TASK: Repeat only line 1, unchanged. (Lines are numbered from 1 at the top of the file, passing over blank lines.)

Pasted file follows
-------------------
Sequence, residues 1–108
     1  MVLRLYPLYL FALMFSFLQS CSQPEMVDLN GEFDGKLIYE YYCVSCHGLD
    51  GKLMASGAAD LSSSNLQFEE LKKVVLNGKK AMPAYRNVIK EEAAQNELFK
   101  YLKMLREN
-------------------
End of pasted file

Sequence, residues 1–108